Insistence on detaining the ill is a crime against humanity, Al-Shater, Abd Al-Ghany, Elewa and Al-Qatari are an example
|Thursday, March 25,2010 09:18|
How can immobile people be a threat to public?
The ’s insistence on detaining ill people is a crime against humanity
International covenants and conventions have repeatedly stressed the right of detainees to be treated with human dignity and without discrimination
These conventions have committed countries to include guarantees of the wellbeing of the detainees by providing them with the necessary health care which is associated with their right to live.
Unfortunately ill detainees are brought before the Prosecution which orders their renewed detention despite medical reports asserting the gravity of their case. In some instances prosecutors travel to hospitals to interrogate the ill defendants where they order their extended detention.
When we refer to the rights, guarantees, laws, regulations and conventions we realize that there is a difference between the existence and implementing of the law.
There is no justification of the continued detention of critically ill detainees including:
Eng. Khayrat al-Shater who is currently serving a 7 year prison sentence issued by a suffers from, heart problems, diabetes, hypertension, asthma, thyroid problems and a
Ghani detained pending investigations in state security case No.202 suffers from a weak heart which has a 36% performance rate Abdel
Dr. Mohamed Sad Elewa detained pending investigations in state security case No.202 suffers from heart problems following a heart attack, gastric ulcer and gastric reflux disorder
Dr. Adel Abdel Aziz al-Qatari detained pending investigations in state security case No.202 suffers from hepatitis B and C, a slipped disc, eye afflictions, and has had gall-bladder and appendix removed.
Article 40 of the Egyptian Code of Criminal Procedures provides that:
No one should be arrested or imprisoned without an order from competent authorities, his dignity should be preserved and there must be no physical or psychological abuse
The presidential decree in law No. 396 of 1956 regarding prisons stresses the right to appropriate and detainees
Article 36 of law No. 396 of 1956 provides that in the case of any critically ill detainee must be considered for release. His release order should be approved by the prisons General Director and the Attorney General and the competent administration and prosecution shall be notified.
Article 37 of the same law stressed that the prison's administration must inform the administrative authority to notify family and grant them visitation rights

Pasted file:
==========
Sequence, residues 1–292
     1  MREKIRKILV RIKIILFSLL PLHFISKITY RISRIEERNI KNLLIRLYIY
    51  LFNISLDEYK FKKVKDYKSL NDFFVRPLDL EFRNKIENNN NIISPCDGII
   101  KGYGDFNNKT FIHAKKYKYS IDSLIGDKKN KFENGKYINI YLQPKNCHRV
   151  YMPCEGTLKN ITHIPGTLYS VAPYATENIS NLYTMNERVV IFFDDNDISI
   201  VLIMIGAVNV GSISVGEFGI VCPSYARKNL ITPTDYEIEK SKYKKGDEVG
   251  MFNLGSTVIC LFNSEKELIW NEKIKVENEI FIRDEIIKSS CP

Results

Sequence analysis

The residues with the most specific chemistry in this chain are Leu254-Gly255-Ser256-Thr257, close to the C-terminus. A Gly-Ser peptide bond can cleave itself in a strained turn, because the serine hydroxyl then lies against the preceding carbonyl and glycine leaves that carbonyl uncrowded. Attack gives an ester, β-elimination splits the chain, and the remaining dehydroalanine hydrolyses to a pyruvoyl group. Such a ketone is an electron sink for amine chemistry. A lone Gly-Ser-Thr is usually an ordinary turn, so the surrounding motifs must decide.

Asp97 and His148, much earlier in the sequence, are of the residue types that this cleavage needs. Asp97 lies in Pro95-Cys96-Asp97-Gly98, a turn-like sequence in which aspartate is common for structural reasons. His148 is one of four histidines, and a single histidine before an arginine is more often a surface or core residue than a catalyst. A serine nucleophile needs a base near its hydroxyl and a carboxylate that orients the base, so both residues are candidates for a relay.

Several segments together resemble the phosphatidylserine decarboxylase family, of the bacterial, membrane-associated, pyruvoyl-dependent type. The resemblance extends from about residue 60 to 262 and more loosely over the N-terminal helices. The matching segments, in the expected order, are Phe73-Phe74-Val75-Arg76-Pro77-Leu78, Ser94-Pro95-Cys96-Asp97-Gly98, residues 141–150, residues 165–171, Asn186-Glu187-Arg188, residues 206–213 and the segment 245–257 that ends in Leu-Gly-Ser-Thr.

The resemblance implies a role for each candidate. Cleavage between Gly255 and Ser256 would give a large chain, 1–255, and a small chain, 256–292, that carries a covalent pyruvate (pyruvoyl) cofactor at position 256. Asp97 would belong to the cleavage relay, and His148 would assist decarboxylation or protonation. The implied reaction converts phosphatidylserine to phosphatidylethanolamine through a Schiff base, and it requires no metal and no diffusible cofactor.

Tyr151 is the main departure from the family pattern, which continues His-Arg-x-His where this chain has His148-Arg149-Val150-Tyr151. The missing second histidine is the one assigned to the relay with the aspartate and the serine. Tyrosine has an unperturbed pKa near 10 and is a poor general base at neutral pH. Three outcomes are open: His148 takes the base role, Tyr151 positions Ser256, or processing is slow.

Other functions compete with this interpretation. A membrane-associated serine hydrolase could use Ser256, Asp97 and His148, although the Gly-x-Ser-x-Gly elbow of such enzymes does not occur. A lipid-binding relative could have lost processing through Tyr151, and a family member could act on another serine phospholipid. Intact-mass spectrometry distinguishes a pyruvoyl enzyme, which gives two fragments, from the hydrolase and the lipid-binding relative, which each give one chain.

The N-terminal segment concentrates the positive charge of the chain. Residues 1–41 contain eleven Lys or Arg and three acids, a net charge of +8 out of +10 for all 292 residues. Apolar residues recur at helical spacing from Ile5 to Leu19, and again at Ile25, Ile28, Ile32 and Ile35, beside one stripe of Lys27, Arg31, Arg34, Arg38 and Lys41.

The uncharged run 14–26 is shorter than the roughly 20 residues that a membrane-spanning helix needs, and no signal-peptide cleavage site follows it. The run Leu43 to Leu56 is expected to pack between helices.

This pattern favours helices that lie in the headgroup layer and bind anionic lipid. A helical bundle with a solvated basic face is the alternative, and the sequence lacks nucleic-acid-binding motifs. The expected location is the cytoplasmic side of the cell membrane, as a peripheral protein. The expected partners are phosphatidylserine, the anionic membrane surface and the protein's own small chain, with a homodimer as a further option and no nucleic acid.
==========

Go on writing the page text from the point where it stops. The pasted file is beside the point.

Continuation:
Article 25 of the Universal Declaration for Human Rights provides that “every person has the right to adequate living standards with guaranteed healthcare with the necessary food, clothing, medical care, and social services”.
The International Covenant on Civil and Political Rights, Article 9 provides that:
1. Everyone has the right to live freely. No one shall be subjected to arbitrary arrest or detention. No one shall be deprived of his liberty except in accordance with procedures as established by law.
2. Any individual who is arrested shall be promptly informed of any charges indicted against him.
3. Any individual arrested or detained on a criminal charge shall be brought promptly before a judge or authorized official by law to exercise judicial power and shall be entitled to trial within a reasonable time It shall not be the general rule that persons awaiting trial shall be detained in custody, but release may be subject to guarantees to appear for trial, at any other stage of the judicial proceedings, and, should occasion arise, for execution of the judgment.
4. Anyone who is deprived of his liberty by arrest or detention shall be entitled to take proceedings before a court, in order that the court may decide without delay on the legality of his detention and order his release if the detention is not lawful.
5. Anyone who has been the victim of unlawful arrest or detention shall have the right to compensation.
The Egyptian government had endorsed the international conventions and treaties which oblige it to safeguard the life of prisoners and detainees against any harm.
However Mr. Akram Al- Zohayry's death in July 9, 2004 and Mr. Tarek Ghannam in May 6, 2005 was due to health problems suffered during their detention demonstrating extreme negligence
We demand the Egyptian government to release each of Eng. Khayrat al-Shater, Dr. Mohamed Abdel Ghani, Dr. Mohamed Saad Elewa and Mr. Adel el-Qatari. We warn in the occurrence of any deaths while in detention to any of the above mentioned detainees due to neglecting health conditions will be considered manslaughter.
We call on all human rights organizations and committees of freedom of opinion and expression to impose pressures on the Egyptian government and the Ministry of Interior to release these detainees on health grounds as they are innocent prisoners of conscience who are illegally detained.